Even in COVID-19, Journalists Seek Brief, Relevant Pitches

Media relations pros often say that a key to working with journalists is creating relationships and treating reporters as partners. So, how is your ‘partner’ doing during the pandemic? A new survey of 150 business and tech journalists, including freelancers and bloggers, offers insights.

In short, while the pandemic changed certain journalistic tactics, many of the basics of media relations remain, according to the survey from Touchdown PR, which was provided exclusively to PRNEWS.

Media members were not spared from the pandemic’s economic woes. Nearly one quarter of journalists surveyed (18 percent) said they had to find other sources of income last year. Nearly 25 percent lost work during 2020 owing to the pandemic. The same percentage, 25 percent, were required to reduce their rates. More than half (65 percent) reported working longer hours.

Working from home wasn’t too difficult; nearly half the journalists surveyed were doing so before the pandemic. Of those who were not, 25 percent found it a challenging adjustment.

Still, things were relatively stable for the overwhelming majority (75 percent), who saw no income change or received an increase.

Mental Health Concerns and Email Pitches

And since we began with a mention of relationships, PR pros should know 32 percent of journalists surveyed said their mental health had worsened; 23 percent had no one to talk to, or chose not to talk to someone about their mental health. Fortunately, 47 percent spoke to a friend, family member or counselor about issues.

As you can imagine, the survey found attending events, interacting with colleagues and meeting new contacts were the things journalists miss the most. What they missed least included commuting, working in an office and drinking office coffee.

In terms of pitching, it’s getting harder. Twenty-three percent said they answer PR pros’ phone calls less than they did before the pandemic. Nearly half (46 percent) preferred not to receive phone pitches.

The alternative, email pitching, showed little change, though 60 percent said they responded more to email pitches than before the pandemic; 40 percent said less.

Regarding content, journalists were split evenly on writing about COVID-19: 52 percent were ready to continue offering pandemic-related articles, while the rest (48 percent) were either slightly or very fed up covering the issue.

Still the Same: Respect Journalists' Time 

The survey shows one thing hasn’t changed: Journalists want brief pitches that are relevant to their beats and readers’ interests.

Journalists remain pressed for time. As such, 59 percent said they prefer business-related video calls to last just 10-20 minutes.

Video Call Complaints

PR pros and event planners take note: journalists cited awkward formats and poor moderators as main complaints about virtual briefings and events. The content on video calls also took a hit, with criticisms that included “dull” and “not always relevant and to the point” to companies “think everything that they announce is worth a video call. Ugh.”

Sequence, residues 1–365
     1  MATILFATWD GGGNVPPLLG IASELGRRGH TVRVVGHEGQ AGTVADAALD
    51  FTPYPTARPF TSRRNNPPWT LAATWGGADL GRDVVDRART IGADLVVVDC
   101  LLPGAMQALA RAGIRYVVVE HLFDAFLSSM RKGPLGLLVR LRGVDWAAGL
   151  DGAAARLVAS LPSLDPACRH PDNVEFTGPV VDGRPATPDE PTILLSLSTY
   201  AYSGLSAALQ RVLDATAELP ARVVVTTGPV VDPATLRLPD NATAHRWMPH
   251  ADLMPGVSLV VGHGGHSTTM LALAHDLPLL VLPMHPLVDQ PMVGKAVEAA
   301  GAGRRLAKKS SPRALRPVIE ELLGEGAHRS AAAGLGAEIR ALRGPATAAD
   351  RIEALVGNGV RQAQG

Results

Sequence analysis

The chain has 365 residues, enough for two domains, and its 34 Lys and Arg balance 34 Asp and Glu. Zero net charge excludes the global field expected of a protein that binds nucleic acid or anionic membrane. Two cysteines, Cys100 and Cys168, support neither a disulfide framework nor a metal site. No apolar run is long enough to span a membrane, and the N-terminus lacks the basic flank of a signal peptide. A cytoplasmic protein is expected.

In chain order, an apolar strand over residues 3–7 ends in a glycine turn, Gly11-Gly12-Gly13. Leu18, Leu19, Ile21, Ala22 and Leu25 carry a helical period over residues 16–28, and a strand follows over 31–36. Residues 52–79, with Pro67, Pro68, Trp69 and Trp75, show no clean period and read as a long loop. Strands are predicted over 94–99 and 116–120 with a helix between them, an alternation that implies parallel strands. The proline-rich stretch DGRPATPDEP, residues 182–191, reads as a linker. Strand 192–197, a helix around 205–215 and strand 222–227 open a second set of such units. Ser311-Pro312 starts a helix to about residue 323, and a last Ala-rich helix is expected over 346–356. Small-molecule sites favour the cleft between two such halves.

Journalists also objected to having too many people on these calls, which make them seem impersonal. Other tips: don’t block the chat function and avoid scheduling video calls after 5 p.m.

The journalists’ overwhelming platform of choice was Zoom (65 percent). Of the other platforms, just 30 percent picked Microsoft Teams as their preferred venue, Google Meet mustered 17 percent, Webex (5 percent) and Skype (4 percent). The favoriting of Zoom was a surprise to Touchdown PR CEO James Carter. "We’re all familiar with...‘Zoom fatigue,’ but when it comes to briefing a journalist, brands would do well to offer the most popular video platform as an option,” he said.

Good thing journalists prefer Zoom. They're Zooming often. Nearly three-quarters (72 percent) report participating in Zoom calls regularly. Half (51 percent) said they are on video conference calls every week, with 15 percent doing them daily.

That’s not to say journalists necessarily enjoy video calls, though slightly more than half (56 percent) said they’re happy to keep using them. Asked for their top three complaints about them, they listed: length (they are too long), volume (there are too many) and fatigue (they’re more taxing than phone calls).

Some journalists, the survey said, feel self-conscious in front of the camera during a call. In addition, it’s exhausting, they said, to have one’s ‘game face’ on while talking and listening to others; taking notes and multitasking with the camera on is an issue too.

SWAG is Good, But...

To end, another word about relationships. Journalists appreciated the creativity of PR pros who tried to foster relationships even when in-person meetings are verboten, the survey said. It asked about the nicest thing a PR pro had done for journalists in 2020. Answers included small gifts and other personal touches (chocolates, wine, cards and meals for virtual lunch briefings).

Those communicators without budgets for such amenities need not worry, though. The most-appreciated thing PR pros can provide, the survey said, is to do a solid job. Calling with important news, keeping pitches brief, being helpful and minding deadlines were most appreciated. As Touchdown's Carter said, "Looking at the survey results as a whole...[the] advice to any brand engaging with the global media community is to keep it personal, keep it real and keep it short.”

The survey was fielded late in 2020 to content creators in 16 countries, including the US, UK, Canada, Russia, Japan, France, Singapore and Australia. Touchdown plans to release it later this week.

Seth Arenstein is editor of PRNEWS and Crisis Insider. Follow him @skarenstein